How to Pop Your Frunk if the Battery is Dead

EV owners, may be a good idea to take note.

2022 Porsche 718 Cayman frunkPorsche

Article QuickTakes:

One of the interesting side benefits of the electric vehicle (EV) revolution is a whole new storage area on modern vehicles — where the old internal combustion engine used to live. In many EVs, that space is now a storage area.

What Is a Frunk?

Though it still sounds a little funny to say, a frunk is a front trunk, a sometimes capacious storage space that you may commonly see in Porsches.

Tesla was an early adopter among EVs using an engine-less front space for frunk storage. And with the debut of new EVs such as the Ford F-150 Lightning and Mustang Mach-E, to the GMC Hummer pickup and the Rivian R1T, many EV drivers now have an additional front storage space for groceries and gear. Some are even equipped with drains so you can fill ’em up with tailgating beverages, or access another power source inside like the F-150 Lightning’s “Mega Power Frunk.”

However, owing to the ultra-aerodynamic nature of EVs, they’re all designed to use your key fob remote, smartphone apps, or a button or latch inside the cabin to open them.

What Happens When the (Smaller) Battery Dies?

We’ve become familiar with the large batteries EVs use to run their propulsion systems, but even EVs still rely on a traditional 12-volt car battery to run accessories. And, as owners have found, if that smaller battery runs out of juice, you may not be able to remotely pop your frunk.

For the Tesla Model 3, it’s a relatively easy procedure that ultimately requires a portable jump starter to regain access. You’ll have to take off the lid of the tow hook attachment cover on the front bumper to find a set of positive and negative low voltage power supply connectors.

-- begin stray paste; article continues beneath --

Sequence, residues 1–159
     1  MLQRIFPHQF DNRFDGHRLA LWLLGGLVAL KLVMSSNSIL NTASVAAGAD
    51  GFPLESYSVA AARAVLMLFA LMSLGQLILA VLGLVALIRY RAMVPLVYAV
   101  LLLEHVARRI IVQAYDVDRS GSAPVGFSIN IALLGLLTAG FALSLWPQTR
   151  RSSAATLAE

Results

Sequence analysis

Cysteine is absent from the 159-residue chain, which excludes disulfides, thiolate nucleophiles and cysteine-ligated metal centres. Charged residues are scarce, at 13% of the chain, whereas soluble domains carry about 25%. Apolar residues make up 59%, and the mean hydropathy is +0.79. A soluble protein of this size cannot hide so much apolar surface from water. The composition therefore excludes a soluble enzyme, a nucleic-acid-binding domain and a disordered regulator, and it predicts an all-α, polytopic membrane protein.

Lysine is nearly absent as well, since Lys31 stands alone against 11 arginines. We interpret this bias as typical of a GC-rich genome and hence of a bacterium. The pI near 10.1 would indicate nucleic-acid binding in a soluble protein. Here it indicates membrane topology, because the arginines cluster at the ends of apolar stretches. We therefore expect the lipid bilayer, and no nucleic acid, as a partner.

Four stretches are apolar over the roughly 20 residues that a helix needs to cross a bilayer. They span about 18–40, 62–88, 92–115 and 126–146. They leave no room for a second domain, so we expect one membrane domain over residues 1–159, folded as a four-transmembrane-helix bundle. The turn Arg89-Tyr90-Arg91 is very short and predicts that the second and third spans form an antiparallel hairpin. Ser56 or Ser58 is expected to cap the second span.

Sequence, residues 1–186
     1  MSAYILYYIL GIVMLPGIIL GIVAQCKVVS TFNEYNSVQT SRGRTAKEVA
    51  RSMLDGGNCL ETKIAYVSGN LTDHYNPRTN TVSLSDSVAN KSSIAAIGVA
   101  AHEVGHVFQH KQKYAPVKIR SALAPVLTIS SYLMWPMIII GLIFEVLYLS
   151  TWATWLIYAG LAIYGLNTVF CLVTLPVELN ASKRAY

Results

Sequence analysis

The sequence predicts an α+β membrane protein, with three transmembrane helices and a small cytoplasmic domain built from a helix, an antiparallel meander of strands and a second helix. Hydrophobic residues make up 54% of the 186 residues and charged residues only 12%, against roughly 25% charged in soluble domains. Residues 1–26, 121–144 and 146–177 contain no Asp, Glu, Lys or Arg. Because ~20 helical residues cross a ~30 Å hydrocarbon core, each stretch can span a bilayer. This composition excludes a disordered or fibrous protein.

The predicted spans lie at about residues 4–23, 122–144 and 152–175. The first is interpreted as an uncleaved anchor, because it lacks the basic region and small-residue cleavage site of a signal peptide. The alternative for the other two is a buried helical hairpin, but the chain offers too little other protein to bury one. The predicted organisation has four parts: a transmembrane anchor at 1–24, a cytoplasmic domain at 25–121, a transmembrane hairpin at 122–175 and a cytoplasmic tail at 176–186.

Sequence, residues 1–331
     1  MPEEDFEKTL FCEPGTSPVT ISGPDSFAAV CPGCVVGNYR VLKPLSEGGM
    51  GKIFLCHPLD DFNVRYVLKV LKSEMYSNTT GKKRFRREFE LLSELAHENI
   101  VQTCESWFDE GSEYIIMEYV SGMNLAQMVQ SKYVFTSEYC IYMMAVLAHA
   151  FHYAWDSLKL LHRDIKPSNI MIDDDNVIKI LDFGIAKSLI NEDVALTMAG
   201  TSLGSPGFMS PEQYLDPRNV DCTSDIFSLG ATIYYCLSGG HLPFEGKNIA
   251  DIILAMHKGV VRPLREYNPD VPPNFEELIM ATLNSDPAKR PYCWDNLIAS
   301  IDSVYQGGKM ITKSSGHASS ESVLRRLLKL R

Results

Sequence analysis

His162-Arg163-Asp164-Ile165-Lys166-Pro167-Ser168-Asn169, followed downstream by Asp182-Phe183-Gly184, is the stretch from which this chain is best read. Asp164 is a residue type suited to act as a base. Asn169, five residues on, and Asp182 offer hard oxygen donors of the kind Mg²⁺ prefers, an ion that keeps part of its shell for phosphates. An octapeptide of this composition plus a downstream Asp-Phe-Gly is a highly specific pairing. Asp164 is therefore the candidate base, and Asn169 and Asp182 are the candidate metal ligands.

Make sure you’ve connected the right leads, turn on the jumper power, and the hood latches will pop. Unfortunately, you can’t charge the 12-volt battery this easily.

The story is similar for the Ford Lightning and Mach-E. There’s a small access panel in the front bumper which also reveals low-voltage power supply leads. Connect a portable jump starter to the correct leads, and the frunk will pop open.

How Does It Work on Other Models?

Porsche’s new Taycan has a cool, keyless “comfort opening” feature to open its frunk by simply waving the back of your hand over a sensor. But if the 12-volt battery dies, you're locked out. The unlocking procedure involves accessing the fuse cover in the driver-side footwell and connecting a booster pack to the copper strips, which will pop the frunk.

If the doors are locked, you’ll also need to use the physical key hidden in your key fob to open a hidden keyhole in the outer door latch to actually get into the car, as is the case with newer gas-powered Porsches.

Things are a bit trickier with the Rivian R1T, which requires accessing a mechanical emergency hood-release cable. To get to that cable, you must unscrew the left-front wheel well liner and pull on a cable loop located behind the liner. On the GMC Hummer EV, a small manual front trunk release cable is located just above the driver-side footwell.

This site is for educational purposes only. The third parties listed are not affiliated with Capital One and are solely responsible for their opinions, products and services. Capital One does not provide, endorse or guarantee any third-party product, service, information or recommendation listed above. The information presented in this article is believed to be accurate at the time of publication, but is subject to change. The images shown are for illustration purposes only and may not be an exact representation of the product. The material provided on this site is not intended to provide legal, investment, or financial advice or to indicate the availability or suitability of any Capital One product or service to your unique circumstances. For specific advice about your unique circumstances, you may wish to consult a qualified professional.
author photo
Andy Stonehouse
Andy Stonehouse literally fell into the world of auto writing while working as a ski-town journalist, and has not looked back since. A childhood spent dealing with the eccentricities of a 1976 MG Midget has made any subsequent auto experience a more safe and reliable drive. He has been blessed with nearby mountain trails and snowy roads in Colorado to do TV-adventure-styled test drives on a weekly basis.